The most famous story relating to Ciaran recorded in both the hagiographies of the monks and in ‘Latin Life’ is the tale of the dun cow (‘dun’ being a description of its colour). Ciaran is said to have expressed to his parents a desire to study in the college with Finian and asked if he could take a cow from their herds with him to feed himself on its milk when he was in need. His parents objected to this, feeling that his request was somewhat outrageous. When the time came to leave to go and study with Finian and the rest of the students, Ciaran blessed a cow in the fields from his parents herds and it (and its calf) followed him the whole way to the college. While at the college the cow and calf produced a miraculous amount of milk that sufficed to provide enough drink and cheese for everyone who studied with Finian for the whole year. The cow survived Ciaran and lived out its life at the monastery at Clonmacnoise. When the cow died, the monks of Clonmacnoise tanned and preserved the hide and made the famous book of the dun cow (the oldest Irish manuscript in the Irish language) which records Irish dynastic lines, sayings, hymns, prayers and activities of various saints, devotional books, Irish legends, a few secular poems and a curious prophesy by a second century Irish King said to have foreseen the coming of Christianity to Ireland. The document is currently held by the Royal Irish Academy in Dublin and is currently not on view to the public, although some scans are available on the Internet. Later English myths from the eleventh century speak of the dun cow kept by a giant that had an inexhaustible supply of milk. It is Durham’s founding myth and has many saints praying to be rid of this cow and its giant. Curiously, in the eighth century in Irish records there are many references to Ciaran as a giant, but the inference is clearly that he is a ‘spiritual giant’ and there are likewise many references to the jealousy of other saints from his lifetime and those long after who deplored the attention lavished upon the monastic site at Clonmacnoise and its saints shrine. 

The well enclosure

With almost 200,000 visitors during the spring and summer period, the footfall at Clonmacnoise is significant and much conservation work is underway. It is a shame however that even in the World Heritage Management Plan for Clonmacnoise of 2004, there is little mention of any intention to restore the well, although when I visited it, a sign at the entrance to the well indicated that some works were taking place. This could be both a beautiful and a very significant site. Sadly it has been greatly neglected. From the road you walk down a pine tree lined avenue to a circular area where the well housing resides, partially covered by a wooden structure with steps down to the bottom of the well. The well is sadly as dry as a bone. I was there on a rainy afternoon after a very wet autumn and the bottom of the well was barely damp; unusual for a well so deep and so close to the banks of the river. Nearby, cattle swarm around a large basin full of water.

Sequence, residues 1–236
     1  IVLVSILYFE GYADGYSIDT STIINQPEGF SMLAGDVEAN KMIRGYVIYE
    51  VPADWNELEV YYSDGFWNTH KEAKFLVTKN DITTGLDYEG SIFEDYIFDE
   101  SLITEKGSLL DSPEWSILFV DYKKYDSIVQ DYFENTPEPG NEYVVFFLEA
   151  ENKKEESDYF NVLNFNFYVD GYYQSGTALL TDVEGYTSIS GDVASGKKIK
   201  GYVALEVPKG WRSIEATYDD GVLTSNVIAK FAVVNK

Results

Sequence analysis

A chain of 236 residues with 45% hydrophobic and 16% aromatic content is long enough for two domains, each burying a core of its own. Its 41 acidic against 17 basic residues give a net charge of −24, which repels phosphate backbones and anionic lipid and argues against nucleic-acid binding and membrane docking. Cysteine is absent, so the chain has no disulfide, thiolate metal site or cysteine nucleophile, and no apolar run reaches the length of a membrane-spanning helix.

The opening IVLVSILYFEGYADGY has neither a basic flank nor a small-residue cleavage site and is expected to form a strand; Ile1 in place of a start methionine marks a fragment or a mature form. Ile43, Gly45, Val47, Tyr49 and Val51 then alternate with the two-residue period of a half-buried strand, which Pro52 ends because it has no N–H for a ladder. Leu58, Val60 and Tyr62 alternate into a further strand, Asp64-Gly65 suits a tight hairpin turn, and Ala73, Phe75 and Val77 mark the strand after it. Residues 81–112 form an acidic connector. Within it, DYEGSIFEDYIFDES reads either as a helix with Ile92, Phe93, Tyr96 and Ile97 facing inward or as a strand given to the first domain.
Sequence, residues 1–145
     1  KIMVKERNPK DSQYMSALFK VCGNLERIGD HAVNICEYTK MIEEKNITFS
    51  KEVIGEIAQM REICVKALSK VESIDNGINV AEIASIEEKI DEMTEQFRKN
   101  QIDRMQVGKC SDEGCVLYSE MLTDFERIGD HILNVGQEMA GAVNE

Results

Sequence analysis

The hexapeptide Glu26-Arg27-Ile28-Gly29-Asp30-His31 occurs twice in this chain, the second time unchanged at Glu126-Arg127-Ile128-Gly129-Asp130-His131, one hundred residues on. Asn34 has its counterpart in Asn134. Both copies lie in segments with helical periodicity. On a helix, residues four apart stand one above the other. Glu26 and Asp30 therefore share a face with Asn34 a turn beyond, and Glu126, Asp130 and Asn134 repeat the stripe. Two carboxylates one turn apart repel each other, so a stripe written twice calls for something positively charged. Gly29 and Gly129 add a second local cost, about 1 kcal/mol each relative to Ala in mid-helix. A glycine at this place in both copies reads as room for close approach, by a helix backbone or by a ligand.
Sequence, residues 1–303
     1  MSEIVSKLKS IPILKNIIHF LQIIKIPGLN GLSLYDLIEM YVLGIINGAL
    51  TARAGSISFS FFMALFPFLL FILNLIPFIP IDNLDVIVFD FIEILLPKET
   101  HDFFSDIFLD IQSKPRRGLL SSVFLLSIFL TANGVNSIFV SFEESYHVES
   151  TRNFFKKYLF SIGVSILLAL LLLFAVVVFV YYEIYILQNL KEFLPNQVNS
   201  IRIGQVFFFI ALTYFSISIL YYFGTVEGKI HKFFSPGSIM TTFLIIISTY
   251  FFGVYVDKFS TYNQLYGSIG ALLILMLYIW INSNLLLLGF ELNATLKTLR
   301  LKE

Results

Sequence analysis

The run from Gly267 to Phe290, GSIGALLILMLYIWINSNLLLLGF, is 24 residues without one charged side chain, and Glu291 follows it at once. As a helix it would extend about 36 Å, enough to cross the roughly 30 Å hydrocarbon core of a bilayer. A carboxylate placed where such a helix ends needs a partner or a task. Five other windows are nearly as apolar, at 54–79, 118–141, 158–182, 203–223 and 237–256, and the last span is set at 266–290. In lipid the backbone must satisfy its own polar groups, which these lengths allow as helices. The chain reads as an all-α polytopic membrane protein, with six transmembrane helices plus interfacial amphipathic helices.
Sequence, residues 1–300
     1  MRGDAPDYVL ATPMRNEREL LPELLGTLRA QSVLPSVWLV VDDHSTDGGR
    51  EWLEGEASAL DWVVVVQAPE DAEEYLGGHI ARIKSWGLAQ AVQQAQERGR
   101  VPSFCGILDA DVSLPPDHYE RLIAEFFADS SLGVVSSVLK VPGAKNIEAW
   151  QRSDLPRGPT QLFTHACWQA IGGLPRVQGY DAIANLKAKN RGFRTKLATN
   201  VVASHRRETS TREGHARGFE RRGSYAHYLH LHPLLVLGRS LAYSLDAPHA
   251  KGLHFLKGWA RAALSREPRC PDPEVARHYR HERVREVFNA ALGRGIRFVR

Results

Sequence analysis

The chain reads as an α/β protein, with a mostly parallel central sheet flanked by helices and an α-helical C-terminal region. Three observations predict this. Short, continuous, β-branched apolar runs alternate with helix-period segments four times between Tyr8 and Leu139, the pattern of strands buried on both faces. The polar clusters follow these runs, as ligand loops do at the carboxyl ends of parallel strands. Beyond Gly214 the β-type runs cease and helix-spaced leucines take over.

Saint Ciaran's well (dry)

The well today is on private land but the site has attracted pilgrims since the seventh century. Many of the pilgrims died from lack of food or from dehydration (sites for clean, drinkable water could be rare enough) and the Annals of Tigernach record the death of an Irish chieftain named Aedh who had been making his way to Clonmacnoise for pilgrimage. Pilgrims to Clonmacnoise would have first stopped here to slake their thirst, wash themselves and to remind themselves of their own baptism; the start of their pilgrimage. The location of this well so close to the river may be significant in symbolizing the River Jordan for those who would have been baptized here and would certainly be in keeping with the symbolism present to the rest of the monastic site. Unlike many European monastic communities, Ireland does not appear to have had separate baptistry's, as baptism took place outside the boundaries of the community for those who were penitential catechumens who would have only been given access to the monastic area and the church after their baptism. Baptisms seem to have taken place exclusively in wells that were also at the heart of the community's life.

The crucifixion stone at the well